Tired of the carbon tax, SUVs, Climate change, David Suzuki? How about the greatest all-round genius of all time? Try the original Leo...
Leonardo's car brought to life
Open top three-wheeler. 2004 reg. Italian design and craftsmanship. Zero mpg. No emissions. Easy parking. Programmable steering
John Hooper in Rome
Saturday April 24 2004
It has taken more than 500 years to get from the drawing board to the showroom, but today the first working model of the "car" conceived by Leonardo da Vinci is to go on display at an exhibition in Florence.
Eight months' work by computer designers, engineers and joiners has proved something that had been doubted for centuries: the machine sketched by history's most versatile genius in or around 1478 actually moves.
"It was - or is - the world's first self-propelled vehicle," said Paolo Galluzzi, director of the Institute and Museum of the History of Science in Florence, who oversaw the project.
Perhaps sensibly, humanity waited for the invention of steam power and then the internal combustion engine. Leonardo's car, 1.68m long and 1.49m wide (5ft 6ins by 4ft 11ins), runs on clockwork. The springs are wound up by rotating the wheels in the opposite direction to the one in which it is meant to go.
"It is a very powerful machine," Professor Galluzzi said. So powerful that although they have made a full-scale "production model", they have not dared test it. "It could run into something and do serious damage," he said.
The vehicle demonstrated in Florence yesterday was a one-third scale replica.
Several attempts were made in the last century to construct the vehicle. None worked.
They were vitiated by a misunderstanding: that Leonardo powered his vehicle with the two big leaf springs, shaped like the arms of a crossbow, shown in his sketch on folio 812r of the Atlantic Codex, one of the great collections of his studies and sketches.
In 1975 Carlo Pedretti, director of the Armand Hammer Centre for Leonardo Studies in Los Angeles, published a paper showing early 15th century copies in the Uffizi archives of some early Da Vinci sketches. "Two of the drawings represent a view from above of the spring mechanism of the well-known self-propelled vehicle in the Atlantic Codex," he wrote.
Studying the copies, Prof Pedretti realised that the springs were not meant to drive the car but to regulate a drive mechanism located elsewhere. In 1996 his intuition was reported in a book by an American robotics expert, Mark Rosheim.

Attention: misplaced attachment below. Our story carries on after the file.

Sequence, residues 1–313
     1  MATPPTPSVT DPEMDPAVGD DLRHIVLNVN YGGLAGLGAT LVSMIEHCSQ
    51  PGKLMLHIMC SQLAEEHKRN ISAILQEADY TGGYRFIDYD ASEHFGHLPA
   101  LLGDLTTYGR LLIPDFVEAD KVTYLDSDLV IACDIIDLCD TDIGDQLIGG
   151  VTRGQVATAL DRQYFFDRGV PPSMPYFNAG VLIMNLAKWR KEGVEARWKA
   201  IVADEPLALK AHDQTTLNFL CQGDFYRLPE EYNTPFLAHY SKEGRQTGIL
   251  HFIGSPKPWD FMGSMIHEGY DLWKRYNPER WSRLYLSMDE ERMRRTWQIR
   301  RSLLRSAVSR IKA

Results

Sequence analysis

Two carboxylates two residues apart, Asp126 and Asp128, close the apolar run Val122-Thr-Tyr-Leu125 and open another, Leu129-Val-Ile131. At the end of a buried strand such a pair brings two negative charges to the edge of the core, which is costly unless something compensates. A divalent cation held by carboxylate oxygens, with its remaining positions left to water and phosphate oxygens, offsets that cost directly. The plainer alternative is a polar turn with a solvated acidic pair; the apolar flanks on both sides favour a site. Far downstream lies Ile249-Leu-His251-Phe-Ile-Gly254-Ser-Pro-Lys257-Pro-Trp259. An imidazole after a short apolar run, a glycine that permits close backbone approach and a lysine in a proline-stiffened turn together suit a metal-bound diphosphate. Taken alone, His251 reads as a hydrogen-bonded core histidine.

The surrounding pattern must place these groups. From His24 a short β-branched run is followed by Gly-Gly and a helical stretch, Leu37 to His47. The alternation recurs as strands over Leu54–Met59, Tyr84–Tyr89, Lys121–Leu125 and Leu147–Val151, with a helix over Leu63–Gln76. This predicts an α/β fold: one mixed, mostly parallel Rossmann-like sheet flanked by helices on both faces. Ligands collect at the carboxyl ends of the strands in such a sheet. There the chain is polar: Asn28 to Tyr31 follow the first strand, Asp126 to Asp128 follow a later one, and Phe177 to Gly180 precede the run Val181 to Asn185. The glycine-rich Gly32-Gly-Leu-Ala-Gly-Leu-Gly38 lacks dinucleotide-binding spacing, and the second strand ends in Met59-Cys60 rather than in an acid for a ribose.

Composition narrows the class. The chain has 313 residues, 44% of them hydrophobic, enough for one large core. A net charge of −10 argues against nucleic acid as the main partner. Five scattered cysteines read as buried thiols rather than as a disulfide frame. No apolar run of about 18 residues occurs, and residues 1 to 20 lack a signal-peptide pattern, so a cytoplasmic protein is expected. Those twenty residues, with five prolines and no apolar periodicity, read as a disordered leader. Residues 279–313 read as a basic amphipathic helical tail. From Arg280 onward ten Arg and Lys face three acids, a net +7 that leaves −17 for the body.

"He believes that motive power is provided by coiled springs inside the tambours", Mr Rosheim wrote.
The theory that the car's "engines" were sited in a couple of drum-like casings on the underside resolved many of the enigmas in Leonardo's design. But until Prof Galluzzi and his team got to work, it was still just a theory.
Their first step was to create a digital model by computer aided design.
"That took four months," Prof Galluzzi told the Guardian. "But at the end we had a machine which we knew ought to work."
To test Leonardo's genius to the limit it was decided to try to realise his vision with materials available to the craftsmen of his time. That meant mainly wood.
Florentine furniture restorers were asked which types their predecessors would have chosen for which parts of the vehicle.
"The biggest problem was to find a wood for the cogs, because that had to be hard and resistant.
The finished vehicle contains five sorts of wood and "mechanisms of extraordinary refinement".
Leonardo scholars have long believed the car was intended to provide special effects in some kind of performance.
It has a brake that can be released at distance by an operator with a hidden rope, so it would have appeared to start by itself.
A programmable steering mechanism allows it go straight, or turn at pre-set angles. But only to the right. Good in towns like today's Florence, with a one-way system. As ever, Leonardo was centuries ahead of his time.
Saturday, July 12, 2008
Just a note on the Canada Line. Due to the cost of the Canada line escalating from $1.3 billion to over $2.4 billion (How many fast-ferry fiasco's does this equal?), the stations in the subway are a mere 50 metres in length, or just enough to fit a 3 car train.